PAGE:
The next stage of our plan will be to welcome parents into the Year 1-6 classrooms during the 8:30-8:45am morning time. We will allow our students two more weeks to settle into the new morning routine, and from Week 5 onwards parents will be able to spend time in classrooms in the morning to view the classroom environment.
I will provide further information on how this will work in Week 4’s Newsletter, in preparation for parents being welcomed into classrooms in the morning between 8:30am-8:45am, commencing in Week 5.
The Zones of Regulation
This term, we are very excited to be implementing The Zones of Regulation throughout the Primary School from Pre-Kindy to Year 6. The Zones of Regulation is a curriculum designed to foster self-regulation and emotional control and links to the Australian Student Wellbeing Framework.
The Zones of Regulation Framework provides a simple way to think about, talk, and care for our feelings. It uses easy language, a visual structure and is systematic in its approach. It uses four colours (red, blue, green, and yellow) to help us identify how we are feeling on the inside and allows us to explore the tools that support us with emotional regulation.
The Zones of Regulation provides a common language and compassionate framework to support mental health and skill development for all, while also serving as an inclusion strategy for neurodiverse learners, or those who have specific social, emotional, and behavioural needs. The benefits of using this framework in schools include improved self-regulation skills, better social interactions, and increased academic success.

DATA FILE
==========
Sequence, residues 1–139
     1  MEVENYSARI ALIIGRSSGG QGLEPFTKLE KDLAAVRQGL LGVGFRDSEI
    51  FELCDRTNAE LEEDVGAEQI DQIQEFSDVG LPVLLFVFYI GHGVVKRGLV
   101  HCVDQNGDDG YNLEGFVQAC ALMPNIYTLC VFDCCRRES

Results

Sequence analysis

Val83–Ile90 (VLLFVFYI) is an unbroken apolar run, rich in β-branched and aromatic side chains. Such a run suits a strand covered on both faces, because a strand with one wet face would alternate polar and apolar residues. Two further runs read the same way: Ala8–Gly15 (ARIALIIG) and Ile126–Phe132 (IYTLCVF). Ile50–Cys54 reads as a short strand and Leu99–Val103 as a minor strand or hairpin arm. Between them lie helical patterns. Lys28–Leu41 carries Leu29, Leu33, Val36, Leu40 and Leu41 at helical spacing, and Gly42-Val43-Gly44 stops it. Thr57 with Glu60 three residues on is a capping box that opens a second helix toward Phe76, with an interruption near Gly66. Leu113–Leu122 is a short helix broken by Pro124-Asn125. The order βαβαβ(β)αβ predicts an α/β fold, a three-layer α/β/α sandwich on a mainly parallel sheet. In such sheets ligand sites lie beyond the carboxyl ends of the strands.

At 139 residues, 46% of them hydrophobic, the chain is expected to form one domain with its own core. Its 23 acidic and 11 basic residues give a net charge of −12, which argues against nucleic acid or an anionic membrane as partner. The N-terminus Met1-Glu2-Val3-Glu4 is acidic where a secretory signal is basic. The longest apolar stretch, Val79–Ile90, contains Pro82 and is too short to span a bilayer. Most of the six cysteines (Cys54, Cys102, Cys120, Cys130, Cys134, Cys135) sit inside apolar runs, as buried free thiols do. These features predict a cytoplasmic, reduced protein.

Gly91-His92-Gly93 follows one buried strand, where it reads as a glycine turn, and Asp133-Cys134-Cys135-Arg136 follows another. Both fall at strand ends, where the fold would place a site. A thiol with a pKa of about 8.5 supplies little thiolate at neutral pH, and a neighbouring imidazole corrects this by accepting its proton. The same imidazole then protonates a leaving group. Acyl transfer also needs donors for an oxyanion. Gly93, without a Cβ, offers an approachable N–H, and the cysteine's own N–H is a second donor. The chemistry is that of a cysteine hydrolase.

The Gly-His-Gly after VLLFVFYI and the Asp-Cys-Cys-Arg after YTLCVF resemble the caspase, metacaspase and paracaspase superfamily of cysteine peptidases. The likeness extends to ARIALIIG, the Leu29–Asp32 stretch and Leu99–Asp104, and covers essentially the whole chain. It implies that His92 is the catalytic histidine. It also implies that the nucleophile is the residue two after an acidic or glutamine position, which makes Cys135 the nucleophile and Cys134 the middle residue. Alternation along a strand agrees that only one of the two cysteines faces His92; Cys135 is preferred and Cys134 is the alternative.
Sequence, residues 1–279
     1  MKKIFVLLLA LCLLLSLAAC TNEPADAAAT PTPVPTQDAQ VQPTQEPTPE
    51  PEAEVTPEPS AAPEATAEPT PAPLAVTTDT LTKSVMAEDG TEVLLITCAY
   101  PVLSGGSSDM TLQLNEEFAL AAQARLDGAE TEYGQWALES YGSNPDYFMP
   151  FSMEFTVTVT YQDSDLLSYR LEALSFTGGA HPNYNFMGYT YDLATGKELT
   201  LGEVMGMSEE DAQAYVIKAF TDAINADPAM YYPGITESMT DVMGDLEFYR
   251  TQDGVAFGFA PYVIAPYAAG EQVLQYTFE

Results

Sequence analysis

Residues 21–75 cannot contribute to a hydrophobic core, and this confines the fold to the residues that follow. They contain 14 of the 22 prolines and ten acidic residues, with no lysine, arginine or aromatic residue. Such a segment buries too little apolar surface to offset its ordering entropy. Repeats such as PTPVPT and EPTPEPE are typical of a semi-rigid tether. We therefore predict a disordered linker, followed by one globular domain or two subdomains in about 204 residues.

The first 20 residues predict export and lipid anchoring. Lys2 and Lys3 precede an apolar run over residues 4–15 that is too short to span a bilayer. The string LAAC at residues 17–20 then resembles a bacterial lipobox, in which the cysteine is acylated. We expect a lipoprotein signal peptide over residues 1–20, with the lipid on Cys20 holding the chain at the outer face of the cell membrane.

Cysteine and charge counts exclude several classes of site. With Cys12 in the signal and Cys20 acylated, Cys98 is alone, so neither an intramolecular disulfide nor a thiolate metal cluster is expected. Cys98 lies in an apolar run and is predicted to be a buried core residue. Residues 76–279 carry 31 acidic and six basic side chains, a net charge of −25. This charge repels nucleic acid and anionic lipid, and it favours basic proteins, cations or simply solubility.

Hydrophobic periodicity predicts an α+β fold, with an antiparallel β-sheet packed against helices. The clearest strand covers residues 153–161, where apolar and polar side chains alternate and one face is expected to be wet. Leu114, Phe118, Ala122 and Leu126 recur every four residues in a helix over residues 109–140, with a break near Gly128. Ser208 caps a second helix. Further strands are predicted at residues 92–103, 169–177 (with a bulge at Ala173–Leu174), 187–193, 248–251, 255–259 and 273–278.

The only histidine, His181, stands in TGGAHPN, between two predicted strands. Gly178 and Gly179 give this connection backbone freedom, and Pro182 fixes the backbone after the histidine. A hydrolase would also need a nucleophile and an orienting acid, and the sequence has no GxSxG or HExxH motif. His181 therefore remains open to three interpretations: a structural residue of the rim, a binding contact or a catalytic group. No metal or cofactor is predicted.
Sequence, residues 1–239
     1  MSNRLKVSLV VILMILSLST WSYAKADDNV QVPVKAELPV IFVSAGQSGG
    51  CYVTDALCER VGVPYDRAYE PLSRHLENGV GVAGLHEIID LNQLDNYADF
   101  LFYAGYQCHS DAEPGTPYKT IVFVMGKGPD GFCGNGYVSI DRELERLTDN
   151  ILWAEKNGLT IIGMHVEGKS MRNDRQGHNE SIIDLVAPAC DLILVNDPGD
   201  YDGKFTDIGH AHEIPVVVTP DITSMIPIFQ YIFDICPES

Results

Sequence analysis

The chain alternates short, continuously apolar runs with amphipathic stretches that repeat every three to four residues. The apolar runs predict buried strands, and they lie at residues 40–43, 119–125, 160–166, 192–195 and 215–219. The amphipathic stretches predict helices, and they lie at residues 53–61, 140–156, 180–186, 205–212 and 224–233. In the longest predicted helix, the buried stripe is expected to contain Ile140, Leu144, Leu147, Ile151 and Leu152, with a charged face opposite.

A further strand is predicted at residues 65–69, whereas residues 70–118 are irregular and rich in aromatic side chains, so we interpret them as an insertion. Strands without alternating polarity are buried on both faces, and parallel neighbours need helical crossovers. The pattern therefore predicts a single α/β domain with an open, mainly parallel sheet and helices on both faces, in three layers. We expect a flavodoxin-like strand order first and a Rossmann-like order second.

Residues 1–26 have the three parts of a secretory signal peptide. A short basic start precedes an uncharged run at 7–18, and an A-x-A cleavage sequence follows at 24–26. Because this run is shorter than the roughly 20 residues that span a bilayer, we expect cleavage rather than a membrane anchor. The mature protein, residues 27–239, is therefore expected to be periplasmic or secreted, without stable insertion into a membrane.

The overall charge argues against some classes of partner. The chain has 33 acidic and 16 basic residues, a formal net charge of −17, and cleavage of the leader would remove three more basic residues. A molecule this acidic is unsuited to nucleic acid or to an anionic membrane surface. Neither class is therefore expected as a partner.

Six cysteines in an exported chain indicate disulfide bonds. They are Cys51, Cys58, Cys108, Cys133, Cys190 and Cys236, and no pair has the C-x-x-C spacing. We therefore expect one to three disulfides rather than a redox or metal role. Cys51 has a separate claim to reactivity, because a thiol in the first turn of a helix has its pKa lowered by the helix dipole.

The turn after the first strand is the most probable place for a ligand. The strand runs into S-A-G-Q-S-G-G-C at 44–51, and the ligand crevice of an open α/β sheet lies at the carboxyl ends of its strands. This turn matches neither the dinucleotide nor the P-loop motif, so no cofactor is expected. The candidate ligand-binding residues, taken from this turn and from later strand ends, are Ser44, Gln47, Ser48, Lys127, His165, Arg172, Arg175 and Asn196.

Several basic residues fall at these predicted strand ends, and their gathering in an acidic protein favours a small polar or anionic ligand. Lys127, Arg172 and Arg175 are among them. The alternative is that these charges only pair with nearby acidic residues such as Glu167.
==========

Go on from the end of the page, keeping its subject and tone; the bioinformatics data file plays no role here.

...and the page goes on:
As part of our implementation of this new program, you will have noticed we have amended the morning routine and children are now provided the opportunity to prepare themselves in their classroom from 8.30am onwards during Mindful Mornings. Children are participating in mindful activities such as reading for enjoyment, Lego, mindful colouring and spending valuable time with their teachers and friends. Evidence suggests that allowing students the chance to start their day calmly and in a more mindful manner, leads to better organisation and a readiness to learn. This promotes and supports effective teaching and learning.
Throughout the year, we will be sharing some more of The Zones of Regulation tips, tools, and techniques that you can share with your children at home. Stay tuned!
Edwina Battersby & Justin Kirry (Leaders of Wellbeing)
Next week we will be joining together to celebrate and give thanks for our Mothers, Grandmothers and all mother-figures. We would like to invite all in our community to join us in these celebrations. Marcellin & Lavalla – Thursday 11 May, and Marian – Friday 12 May
Click HERE for details
Year 3 – 6 Faction Cross Country – Friday 19 May 2023
The Year 3 – 6 Cross Country will be held on Friday 19 May. We encourage all students to participate to the best of their ability and enjoy the team spirit of this event. Click HERE for details.
There is a large number of items in lost property at both campuses. If you are missing items please visit lost property to check if any of the items belong to you. Please be reminded to label all items with your child’s name.